What's hot and what's not, in the digital virus world? What's trendy when it comes to hackerattacks and cybercrimes? Cyber security threats sure hasn't got its own fashion week, but it follows trends never the less, and you are wise to keep an eye on the them. Either you're in or you're out - to quote a famous runway model.
Knowing the threat might help you prevent cyber security attacks from totally wrecking your organization.
“Viruses” are a common moniker for a number of cyber threats. However, sometimes we need to define more closely what has caused the illness – just like when we get ill in real life.
So, without further ado, here are the most common cyber security threats as of 2022, so far. And some tips of how you can defend your business from them:
Malware is one of the most common cyber security threats. Malware is short for “Malicious Software”, and it also goes by other names such as “worms,” “spyware,” “ransomware,” and “viruses.”
Malware is normally activated when you click on a link or on an attachment that contains the virus. The bad link then starts to install on your computer, leading to further trouble such as:
Denial of Service is an attack that overwhelms your computer or your network so that it cannot respond to your requests. Your computer will freeze as it tries to respond to the viruses flooding data, and your software will likely stop working all together.
These types of attacks are often used to stop for example significant business agreements before they’re settled. This can cause businesses to miss out on huge opportunities as their rivals win a time. DoS are also used to stall the networks while more malicious attacks are entering into the software. When your computer is trying to process the overwhelming data, the anti-virus software is denied access. This leaves the computer vulnerable, and more dangerous malware can easily enter your cyberspace.
Man in the middle, or MITM cyber security threats, are the most dangerous to the public and to small businesses. These attacks happen for example through an unsecured public Wi-Fi network; a public user (a customer for example) connects to your business through an unprotected network, the hacker then spots this connection and manipulates the system to allow them to enter in the opened space between.
Once inside, the hacker has free access to both the customer’s and your business’ software and can send malware to do further damage. But the hacker may also fool you, pretend to be the business/the customer, and this way they receive private data without sending in any malware at all.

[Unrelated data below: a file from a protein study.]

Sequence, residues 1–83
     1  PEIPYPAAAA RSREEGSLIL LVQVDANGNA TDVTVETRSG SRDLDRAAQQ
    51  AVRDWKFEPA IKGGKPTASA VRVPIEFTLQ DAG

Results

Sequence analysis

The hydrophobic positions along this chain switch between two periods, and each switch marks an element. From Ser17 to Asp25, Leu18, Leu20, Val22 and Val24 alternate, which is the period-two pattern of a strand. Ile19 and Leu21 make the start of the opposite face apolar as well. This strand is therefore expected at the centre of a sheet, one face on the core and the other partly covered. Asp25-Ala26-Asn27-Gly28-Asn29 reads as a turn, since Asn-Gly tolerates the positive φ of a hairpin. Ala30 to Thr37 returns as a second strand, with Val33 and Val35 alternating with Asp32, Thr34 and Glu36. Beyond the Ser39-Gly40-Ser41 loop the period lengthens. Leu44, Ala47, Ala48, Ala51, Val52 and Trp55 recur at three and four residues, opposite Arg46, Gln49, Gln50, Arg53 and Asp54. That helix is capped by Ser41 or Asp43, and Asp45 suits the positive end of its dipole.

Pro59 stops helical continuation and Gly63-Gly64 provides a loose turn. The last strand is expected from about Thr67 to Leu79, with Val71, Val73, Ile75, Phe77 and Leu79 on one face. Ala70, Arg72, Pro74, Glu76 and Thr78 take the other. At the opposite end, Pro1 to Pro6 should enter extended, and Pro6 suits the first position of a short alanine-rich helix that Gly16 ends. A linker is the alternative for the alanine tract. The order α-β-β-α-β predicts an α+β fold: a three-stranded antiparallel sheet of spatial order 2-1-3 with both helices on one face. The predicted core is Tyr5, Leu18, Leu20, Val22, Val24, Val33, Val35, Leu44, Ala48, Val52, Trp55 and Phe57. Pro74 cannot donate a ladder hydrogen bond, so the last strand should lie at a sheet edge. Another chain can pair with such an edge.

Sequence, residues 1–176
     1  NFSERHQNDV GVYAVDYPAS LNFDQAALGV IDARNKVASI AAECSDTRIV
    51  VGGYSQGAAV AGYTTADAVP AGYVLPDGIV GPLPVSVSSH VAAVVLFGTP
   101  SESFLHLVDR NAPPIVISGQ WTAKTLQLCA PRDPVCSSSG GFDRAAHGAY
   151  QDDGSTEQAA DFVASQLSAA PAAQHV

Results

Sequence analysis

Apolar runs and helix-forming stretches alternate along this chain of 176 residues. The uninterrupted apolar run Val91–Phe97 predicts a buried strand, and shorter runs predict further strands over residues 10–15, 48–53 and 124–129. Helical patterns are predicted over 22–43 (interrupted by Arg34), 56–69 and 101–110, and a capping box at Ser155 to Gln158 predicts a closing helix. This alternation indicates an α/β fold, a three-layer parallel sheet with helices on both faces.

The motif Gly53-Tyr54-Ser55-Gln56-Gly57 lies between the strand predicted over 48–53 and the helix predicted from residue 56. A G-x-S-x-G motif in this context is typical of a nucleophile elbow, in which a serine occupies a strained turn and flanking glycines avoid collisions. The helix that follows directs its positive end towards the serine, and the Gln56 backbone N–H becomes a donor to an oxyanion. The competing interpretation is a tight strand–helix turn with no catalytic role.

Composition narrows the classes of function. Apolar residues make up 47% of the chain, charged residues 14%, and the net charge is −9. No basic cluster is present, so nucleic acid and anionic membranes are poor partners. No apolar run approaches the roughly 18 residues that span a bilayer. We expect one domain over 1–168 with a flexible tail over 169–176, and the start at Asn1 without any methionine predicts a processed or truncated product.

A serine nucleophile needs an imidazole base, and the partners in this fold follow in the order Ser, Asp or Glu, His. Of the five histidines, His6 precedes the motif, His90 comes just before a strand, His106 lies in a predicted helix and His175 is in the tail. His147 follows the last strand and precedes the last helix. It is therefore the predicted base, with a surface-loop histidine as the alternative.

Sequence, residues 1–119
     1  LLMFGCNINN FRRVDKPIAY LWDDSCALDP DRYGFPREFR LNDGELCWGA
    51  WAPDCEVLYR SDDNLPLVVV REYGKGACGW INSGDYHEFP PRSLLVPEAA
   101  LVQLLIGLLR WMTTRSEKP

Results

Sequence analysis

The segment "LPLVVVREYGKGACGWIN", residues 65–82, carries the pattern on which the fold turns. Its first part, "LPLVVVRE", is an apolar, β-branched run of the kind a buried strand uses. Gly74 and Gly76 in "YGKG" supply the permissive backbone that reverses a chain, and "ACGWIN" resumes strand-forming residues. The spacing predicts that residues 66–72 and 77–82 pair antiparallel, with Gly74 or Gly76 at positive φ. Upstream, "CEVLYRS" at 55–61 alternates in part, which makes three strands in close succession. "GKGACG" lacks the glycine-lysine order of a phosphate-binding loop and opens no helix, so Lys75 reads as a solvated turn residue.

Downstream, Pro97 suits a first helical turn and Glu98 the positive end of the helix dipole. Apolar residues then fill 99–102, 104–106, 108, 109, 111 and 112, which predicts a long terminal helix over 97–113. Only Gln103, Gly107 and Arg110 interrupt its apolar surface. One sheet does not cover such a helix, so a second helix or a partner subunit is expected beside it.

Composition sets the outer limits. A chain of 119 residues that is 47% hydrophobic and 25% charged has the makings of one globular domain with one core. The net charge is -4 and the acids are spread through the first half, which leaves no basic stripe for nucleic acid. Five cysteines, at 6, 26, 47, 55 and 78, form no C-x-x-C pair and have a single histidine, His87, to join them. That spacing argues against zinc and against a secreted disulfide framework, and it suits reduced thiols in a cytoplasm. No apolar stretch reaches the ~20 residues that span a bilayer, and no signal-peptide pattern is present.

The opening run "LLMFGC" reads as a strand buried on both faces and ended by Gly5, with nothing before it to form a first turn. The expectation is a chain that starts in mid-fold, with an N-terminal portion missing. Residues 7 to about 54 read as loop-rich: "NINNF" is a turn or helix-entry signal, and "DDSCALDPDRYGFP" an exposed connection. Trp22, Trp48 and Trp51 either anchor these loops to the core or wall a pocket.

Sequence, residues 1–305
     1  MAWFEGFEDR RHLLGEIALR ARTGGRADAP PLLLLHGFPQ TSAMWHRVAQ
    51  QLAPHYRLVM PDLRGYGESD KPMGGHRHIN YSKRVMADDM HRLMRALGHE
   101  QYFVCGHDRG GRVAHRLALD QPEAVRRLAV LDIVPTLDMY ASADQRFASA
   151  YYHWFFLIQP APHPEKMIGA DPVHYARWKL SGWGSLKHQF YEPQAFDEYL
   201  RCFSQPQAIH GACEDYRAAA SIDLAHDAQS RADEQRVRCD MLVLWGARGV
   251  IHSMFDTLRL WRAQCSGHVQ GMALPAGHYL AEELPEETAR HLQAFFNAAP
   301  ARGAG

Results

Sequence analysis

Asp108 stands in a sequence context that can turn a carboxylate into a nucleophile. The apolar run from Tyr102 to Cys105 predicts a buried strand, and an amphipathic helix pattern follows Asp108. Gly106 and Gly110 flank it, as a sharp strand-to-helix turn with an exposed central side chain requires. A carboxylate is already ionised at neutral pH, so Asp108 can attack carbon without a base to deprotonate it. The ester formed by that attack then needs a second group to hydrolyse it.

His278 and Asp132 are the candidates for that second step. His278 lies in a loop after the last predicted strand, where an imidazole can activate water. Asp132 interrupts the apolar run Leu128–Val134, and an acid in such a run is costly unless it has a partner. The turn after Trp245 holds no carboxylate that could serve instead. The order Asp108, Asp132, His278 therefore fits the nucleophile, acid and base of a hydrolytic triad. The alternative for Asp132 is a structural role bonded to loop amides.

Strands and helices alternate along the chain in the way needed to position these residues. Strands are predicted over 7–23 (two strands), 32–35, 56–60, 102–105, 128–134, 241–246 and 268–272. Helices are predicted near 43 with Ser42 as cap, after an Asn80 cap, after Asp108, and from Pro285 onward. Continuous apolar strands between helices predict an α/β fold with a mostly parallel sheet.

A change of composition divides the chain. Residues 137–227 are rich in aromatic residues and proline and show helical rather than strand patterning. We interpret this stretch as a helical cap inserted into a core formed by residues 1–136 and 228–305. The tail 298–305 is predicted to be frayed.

Phishing is when for example an email is designed to look like a familiar company, but is actually a hacker in disguise trying to persuade you into clicking their links.
These phishing emails with links can be made to look like documents or like a possible investor, a new client, or a business loan late payment email. These will look as those they are coming from a legitimate source, which is why education about phishing emails are so important!
SQLI stands for Structured Query Language Injection. This type of cyber security attack is normally aimed at big businesses, and it’s a data-stealing attack. To bring you the information you are looking for while searching online Structured Query Language is used in most search boxes.
The “injection” part then adds a powerful “kick” into the search, and this “kick” injection is so strong that it bounces back into the user and pulls out information about them. You will still get your search result, but the SQLI uses your question as a doorway back into your information. Here your credit card information is at risk for example.
This cyber security threat is sadly so common, that most people no longer see it as a threat. But we beg to disagree! Even though most understand the importance of keeping a password secret, not everyone understands how to keep it secret. And there are still a range of generations of people using the internet, all to a different level of understanding.
To try and stay ahead if cyber criminals, here is a list of preventive actions that You can do to take precautions:
- PRIVATE – something that’s important only to You - not common knowledge!
- PERSONAL – no movie quotes, no song lyrics etc.
- PRACTICAL – easy to remember and write – make it long, but not complicated. A sentence is a great option!
- PROVOCING – Something sexy, horny, pornographic (yes, you heard us!) - it should be something you don’t want to say out loud!
"Something sexy, horny, pornographic (yes, you heard us!) - it should be something you don’t want to say out loud!"
Last, but not least, you can also conduct penetration tests, to identifying the most likely pathways hackers might use to install malware into your organization. Of cause you should back up your data on a regular basis. Practice makes perfect as we all know, so keep up the good work and stay safe!
If cybercriminals follow "trends", then so should you - let's all make an effort to make sacurity and safety trendy!
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